SQL Server 2000 Clustering Tips

Tip: Maximizing the hardware performance of a SQL Server cluster is very similar to maximizing the hardware performance of a non-clustered SQL Server.

Explanation: When specing out new hardware for a SQL Server cluster, assuming you want maximum performance, you may want to consider purchasing the following “minimal” hardware configuration:

Minimum four CPUs, each with a 2MB L2 cache.
4GB RAM (ECC).
Fibre Channel/RAID controller with enough channels to maximize I/O.
The SQL Server executables (and operating system) should be placed on mirrored drives (RAID 1) and have its own controller channel.
Logs should be placed on mirrored drives (RAID 1) and have its own controller channel.
Tempdb should be placed on mirrored drives (RAID 1) and have its own controller channel.
Quorum disk should be placed on mirrored drives (RAID 1) and have its own controller channel.
SQL Server data files should be placed on drives configured for RAID 0+1 with multiple controller channels (as dictated by maximum of number of physical drives supported per channel).
Disk drives should be 10,000 RPM or higher. Consider a SAN option.
Two 100MBs network cards per node, minimum. Should consider gigabit network cards for public network connection.
Of course, you may want to purchase a system even bigger than the “minimum” one described above.

Version: 7.0, 2000

Date Added: 6-26-2001

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Tip: If the SCSI or Fibre Channel controllers you use to access a shared disk array (or SAN) resides on the cluster nodes, then ensure than writeback caching has been turned off on them. If the controller resides on the disk array or SAN, then writeback caching can be left on.

Explanation: If you don’t turn off writeback caching on local controllers, it is very likely that data corruption will occur during failover because the controller does not understand clustering, and it will attempt to overwrite data on the disk. In addition, any transactions stored in the cache, but not yet written to disk, would be lost.

Version: 7.0, 2000

Date Added: 6-26-2001

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Tip: When installing SQL Server 7.0 or SQL Server 2000 clustering onto a Windows 2000 cluster, it is important that all non-essential services be stopped. If they are not, then the installation may abort.

Explanation: All non-essential services, whether they are built-in to Windows 2000, or are provided by third parties, must be stopped on all cluster nodes before installing SQL Server clustering. This even includes other instances of SQL Server, the Distributed Transaction Service, IIS, SNMP, and more. In fact, it is easier to list the services not to be stopped than it is to list the ones to stop.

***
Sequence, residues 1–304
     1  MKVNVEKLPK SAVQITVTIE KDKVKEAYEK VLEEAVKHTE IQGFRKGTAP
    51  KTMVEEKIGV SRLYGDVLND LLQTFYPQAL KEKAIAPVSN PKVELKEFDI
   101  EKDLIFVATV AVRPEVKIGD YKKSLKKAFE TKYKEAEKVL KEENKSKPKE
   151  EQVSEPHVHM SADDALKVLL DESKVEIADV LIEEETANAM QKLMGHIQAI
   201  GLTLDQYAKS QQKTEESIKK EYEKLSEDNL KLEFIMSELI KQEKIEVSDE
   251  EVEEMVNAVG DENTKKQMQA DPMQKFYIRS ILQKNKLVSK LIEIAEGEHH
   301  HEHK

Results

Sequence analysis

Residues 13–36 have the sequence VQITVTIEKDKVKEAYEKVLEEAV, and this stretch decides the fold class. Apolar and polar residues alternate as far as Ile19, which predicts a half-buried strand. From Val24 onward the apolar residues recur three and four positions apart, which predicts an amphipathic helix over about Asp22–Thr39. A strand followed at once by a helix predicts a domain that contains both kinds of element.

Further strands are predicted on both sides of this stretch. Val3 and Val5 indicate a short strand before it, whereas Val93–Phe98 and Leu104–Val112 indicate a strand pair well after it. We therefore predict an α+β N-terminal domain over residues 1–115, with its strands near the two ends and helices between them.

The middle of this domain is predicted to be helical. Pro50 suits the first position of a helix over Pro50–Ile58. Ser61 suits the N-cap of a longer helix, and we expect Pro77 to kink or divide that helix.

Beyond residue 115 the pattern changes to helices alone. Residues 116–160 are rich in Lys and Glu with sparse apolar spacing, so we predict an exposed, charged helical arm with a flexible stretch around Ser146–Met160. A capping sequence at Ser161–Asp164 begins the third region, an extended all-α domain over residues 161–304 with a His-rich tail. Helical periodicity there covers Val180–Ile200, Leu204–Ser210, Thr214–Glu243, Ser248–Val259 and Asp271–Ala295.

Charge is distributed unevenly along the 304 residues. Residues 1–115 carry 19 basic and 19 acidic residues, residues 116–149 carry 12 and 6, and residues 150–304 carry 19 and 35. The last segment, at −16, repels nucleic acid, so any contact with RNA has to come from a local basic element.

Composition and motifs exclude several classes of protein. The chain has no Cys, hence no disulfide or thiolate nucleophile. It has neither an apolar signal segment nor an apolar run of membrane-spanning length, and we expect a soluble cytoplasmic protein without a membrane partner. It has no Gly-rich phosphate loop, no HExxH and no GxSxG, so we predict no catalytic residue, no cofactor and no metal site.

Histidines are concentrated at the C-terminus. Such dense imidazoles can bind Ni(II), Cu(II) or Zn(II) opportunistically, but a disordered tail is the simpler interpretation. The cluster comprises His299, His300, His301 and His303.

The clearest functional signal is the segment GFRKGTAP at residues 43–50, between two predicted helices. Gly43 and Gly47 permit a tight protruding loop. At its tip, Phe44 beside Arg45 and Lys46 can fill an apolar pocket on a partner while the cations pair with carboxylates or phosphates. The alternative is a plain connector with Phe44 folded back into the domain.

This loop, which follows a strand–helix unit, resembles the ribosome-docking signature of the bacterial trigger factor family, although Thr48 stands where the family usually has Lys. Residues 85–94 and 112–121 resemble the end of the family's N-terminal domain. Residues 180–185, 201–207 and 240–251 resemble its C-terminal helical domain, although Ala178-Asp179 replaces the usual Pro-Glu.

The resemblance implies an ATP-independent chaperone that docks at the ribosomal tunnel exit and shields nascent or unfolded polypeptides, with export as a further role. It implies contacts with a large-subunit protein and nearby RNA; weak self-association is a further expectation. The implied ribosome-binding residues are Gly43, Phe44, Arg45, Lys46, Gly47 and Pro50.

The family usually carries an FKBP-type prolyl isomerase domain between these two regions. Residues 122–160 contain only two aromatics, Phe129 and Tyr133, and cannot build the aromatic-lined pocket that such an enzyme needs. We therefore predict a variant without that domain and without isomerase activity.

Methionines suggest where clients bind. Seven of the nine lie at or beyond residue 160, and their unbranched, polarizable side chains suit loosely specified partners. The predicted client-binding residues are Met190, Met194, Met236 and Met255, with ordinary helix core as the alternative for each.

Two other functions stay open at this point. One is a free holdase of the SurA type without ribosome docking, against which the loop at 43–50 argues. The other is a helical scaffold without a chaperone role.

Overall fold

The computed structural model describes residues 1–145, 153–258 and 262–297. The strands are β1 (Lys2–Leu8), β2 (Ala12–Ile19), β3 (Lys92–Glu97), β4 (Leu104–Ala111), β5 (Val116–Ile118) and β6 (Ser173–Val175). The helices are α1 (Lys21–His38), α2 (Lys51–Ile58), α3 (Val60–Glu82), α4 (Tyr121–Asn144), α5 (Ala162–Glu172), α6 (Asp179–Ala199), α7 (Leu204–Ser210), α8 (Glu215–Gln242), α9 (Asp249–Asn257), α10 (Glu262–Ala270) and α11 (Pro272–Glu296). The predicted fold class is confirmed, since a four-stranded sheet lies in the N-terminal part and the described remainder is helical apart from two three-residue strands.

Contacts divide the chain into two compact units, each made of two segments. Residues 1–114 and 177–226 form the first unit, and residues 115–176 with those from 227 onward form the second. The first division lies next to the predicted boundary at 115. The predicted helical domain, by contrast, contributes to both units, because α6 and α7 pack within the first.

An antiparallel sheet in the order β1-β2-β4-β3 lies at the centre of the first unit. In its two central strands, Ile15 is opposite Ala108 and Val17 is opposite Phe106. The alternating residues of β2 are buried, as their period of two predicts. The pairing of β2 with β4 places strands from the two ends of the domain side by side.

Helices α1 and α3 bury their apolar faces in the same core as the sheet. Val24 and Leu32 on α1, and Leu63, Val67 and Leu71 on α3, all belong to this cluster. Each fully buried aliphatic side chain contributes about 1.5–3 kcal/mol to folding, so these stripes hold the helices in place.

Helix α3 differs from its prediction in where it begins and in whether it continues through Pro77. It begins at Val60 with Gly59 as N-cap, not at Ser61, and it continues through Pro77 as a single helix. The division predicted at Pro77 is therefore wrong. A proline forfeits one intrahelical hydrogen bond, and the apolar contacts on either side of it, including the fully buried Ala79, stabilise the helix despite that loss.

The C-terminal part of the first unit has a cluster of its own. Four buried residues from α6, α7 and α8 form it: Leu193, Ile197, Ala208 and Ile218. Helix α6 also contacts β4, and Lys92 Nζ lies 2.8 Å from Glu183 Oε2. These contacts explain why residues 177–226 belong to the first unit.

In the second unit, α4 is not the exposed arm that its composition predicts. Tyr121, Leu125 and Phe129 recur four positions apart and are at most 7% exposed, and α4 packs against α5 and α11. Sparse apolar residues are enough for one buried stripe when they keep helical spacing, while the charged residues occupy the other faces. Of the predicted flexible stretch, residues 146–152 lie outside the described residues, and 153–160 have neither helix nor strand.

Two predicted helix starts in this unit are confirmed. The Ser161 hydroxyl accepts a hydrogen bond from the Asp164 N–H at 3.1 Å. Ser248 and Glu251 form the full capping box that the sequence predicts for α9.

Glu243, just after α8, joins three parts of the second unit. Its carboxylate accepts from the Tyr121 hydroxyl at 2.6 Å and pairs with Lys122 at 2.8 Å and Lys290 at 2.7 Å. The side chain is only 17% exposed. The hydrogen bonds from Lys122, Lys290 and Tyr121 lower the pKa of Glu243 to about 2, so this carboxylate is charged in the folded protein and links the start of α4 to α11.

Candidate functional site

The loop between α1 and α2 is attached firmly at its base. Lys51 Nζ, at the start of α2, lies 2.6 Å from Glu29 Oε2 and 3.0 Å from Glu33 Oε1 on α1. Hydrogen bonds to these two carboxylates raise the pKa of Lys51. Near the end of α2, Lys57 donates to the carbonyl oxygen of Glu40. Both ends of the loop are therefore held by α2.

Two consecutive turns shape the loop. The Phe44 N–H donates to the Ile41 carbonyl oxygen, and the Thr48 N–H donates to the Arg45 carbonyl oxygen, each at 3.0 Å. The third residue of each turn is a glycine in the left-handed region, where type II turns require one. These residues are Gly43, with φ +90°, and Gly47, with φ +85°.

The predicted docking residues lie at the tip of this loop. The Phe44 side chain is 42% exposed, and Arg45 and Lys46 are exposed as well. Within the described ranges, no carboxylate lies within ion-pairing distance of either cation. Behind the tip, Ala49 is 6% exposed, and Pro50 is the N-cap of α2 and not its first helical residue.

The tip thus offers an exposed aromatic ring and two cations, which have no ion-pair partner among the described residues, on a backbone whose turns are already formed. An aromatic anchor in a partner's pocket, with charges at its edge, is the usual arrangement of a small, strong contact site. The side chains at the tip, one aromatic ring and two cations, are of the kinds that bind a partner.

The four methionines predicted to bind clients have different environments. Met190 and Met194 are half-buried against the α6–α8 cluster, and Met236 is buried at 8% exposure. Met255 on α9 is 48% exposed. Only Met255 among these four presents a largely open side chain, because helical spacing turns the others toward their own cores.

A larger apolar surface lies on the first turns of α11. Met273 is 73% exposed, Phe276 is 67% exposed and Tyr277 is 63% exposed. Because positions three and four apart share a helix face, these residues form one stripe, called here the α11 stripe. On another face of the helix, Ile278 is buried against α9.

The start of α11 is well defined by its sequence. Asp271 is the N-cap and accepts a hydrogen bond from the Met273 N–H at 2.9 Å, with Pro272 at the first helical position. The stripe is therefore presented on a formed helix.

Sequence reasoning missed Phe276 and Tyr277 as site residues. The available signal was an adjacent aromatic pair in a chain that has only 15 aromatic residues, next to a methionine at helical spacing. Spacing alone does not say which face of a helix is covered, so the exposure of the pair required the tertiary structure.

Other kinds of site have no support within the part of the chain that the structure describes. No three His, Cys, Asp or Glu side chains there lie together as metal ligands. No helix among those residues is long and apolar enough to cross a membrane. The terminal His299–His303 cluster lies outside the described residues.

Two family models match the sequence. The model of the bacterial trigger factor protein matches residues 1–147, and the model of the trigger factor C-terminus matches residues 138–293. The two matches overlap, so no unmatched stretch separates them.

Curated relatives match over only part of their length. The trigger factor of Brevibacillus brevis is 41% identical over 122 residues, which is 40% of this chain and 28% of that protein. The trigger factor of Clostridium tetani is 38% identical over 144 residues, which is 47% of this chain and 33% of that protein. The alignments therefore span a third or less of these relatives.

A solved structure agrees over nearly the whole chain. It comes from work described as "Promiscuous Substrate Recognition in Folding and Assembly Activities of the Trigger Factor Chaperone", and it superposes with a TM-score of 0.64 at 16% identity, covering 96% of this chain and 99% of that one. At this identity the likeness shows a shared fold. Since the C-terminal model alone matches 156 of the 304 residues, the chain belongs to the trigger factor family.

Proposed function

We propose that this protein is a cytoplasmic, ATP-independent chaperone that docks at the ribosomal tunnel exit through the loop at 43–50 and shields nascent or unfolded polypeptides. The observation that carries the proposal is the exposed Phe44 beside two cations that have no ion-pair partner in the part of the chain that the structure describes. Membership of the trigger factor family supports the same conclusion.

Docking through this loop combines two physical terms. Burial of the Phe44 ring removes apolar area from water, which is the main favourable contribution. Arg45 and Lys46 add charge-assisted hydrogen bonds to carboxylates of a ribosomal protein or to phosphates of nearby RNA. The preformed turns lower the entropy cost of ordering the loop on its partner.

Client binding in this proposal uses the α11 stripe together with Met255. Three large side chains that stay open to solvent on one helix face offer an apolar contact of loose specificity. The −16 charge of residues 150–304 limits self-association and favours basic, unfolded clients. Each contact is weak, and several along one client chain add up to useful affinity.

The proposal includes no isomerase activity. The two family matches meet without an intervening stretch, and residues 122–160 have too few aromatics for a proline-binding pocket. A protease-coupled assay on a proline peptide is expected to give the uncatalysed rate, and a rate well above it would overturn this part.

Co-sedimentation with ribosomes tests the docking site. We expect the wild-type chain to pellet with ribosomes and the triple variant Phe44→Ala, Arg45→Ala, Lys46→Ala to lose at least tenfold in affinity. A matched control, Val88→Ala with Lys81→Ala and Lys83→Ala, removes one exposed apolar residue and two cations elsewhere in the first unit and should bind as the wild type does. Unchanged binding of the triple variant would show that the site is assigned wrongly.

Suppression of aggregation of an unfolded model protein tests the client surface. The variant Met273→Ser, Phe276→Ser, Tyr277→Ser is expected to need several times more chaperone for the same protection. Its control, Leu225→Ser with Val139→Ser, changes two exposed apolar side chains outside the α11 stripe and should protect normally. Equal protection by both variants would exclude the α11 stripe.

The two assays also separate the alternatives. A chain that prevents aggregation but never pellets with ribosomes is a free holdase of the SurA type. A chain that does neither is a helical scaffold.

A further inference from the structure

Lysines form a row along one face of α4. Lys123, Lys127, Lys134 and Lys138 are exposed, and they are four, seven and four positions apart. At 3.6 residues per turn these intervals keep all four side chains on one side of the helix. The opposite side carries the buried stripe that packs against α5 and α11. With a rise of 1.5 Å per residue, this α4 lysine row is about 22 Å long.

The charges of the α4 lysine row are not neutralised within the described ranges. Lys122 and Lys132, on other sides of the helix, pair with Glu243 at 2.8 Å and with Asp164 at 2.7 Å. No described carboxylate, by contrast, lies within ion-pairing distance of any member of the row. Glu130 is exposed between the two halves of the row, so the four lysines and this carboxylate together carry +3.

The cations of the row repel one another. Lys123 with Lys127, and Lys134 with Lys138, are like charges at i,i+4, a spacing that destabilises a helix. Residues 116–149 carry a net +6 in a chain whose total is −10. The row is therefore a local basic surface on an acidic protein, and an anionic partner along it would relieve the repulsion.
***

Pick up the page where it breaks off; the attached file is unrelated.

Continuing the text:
Below is a list of the services on Windows 2000 Advanced Server and Windows 2000 Datacenter Server that should NOT be turned off. (Not all of these services will be found on all servers.) ALL other services should be turned off before installing SQL Server clustering.

Alerter
Cluster Service
Computer Browser
Distributed File System
Distributed Link Tracking Client
Distributed Link Tracking Server
DNS Client
Event Log
IPSEC Policy Agent
License Logging Service
Logical Disk Manager
Messenger
Net Logon
Plug and Play
Process Control
Remote Procedure Call (RPC) Locator
Remote Procedure Call (RPC) Service
Remote Registry Service
Removable Storage
Security Accounts Manager
Server
Spooler
TCP/IP NetBIOS Helper
Windows Management Instrumentation Driver Extensions
Windows NT LM Security Support Provider
Windows Time Service
Workstation
Note: The “Distributed Transaction Coordinator” should be turned off, but not by using the “Services” screen. Instead, it should be set to “offline” using the Cluster Administrator.

Version: 7.0, 2000

Date Added: 6-26-2001

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Tip: When installing software on a cluster that is to run SQL Server 2000 under Windows 2000, the order the software is installed in is very critical. If you don’t follow the correct order, your clustering installation most likely will fail, or at the minimum, cause constant headaches.

Explanation: Below is the order you need to install SQL Server 2000 when using Windows 2000 Advanced Server or Windows 2000 Datacenter Server.

Install Windows 2000 on all nodes
Install Windows 2000 SP2 on all nodes
Install all of the relevant Microsoft Internet Explorer 5.5 Updates on all nodes
Create the necessary Cluster Service and SQL Server Service accounts, and add them to the local administrators group on all nodes
Disable NetBIOS on the internal private network
Install Windows 2000 Clustering on all nodes
Create the MS DTC Cluster Resource on all nodes
Stop all unnecessary services on all nodes
Install SQL Server onto all nodes (SQL Server, and SQL Server Clustering, are installed at the same time)
Install SQL Server 2000 SP1 onto all nodes
This is not meant to be a complete description of how to install clustering, only a reminder of the importance of order when installing and configuring SQL Server clustering.

Version: 2000

Date Added: 6-26-2001

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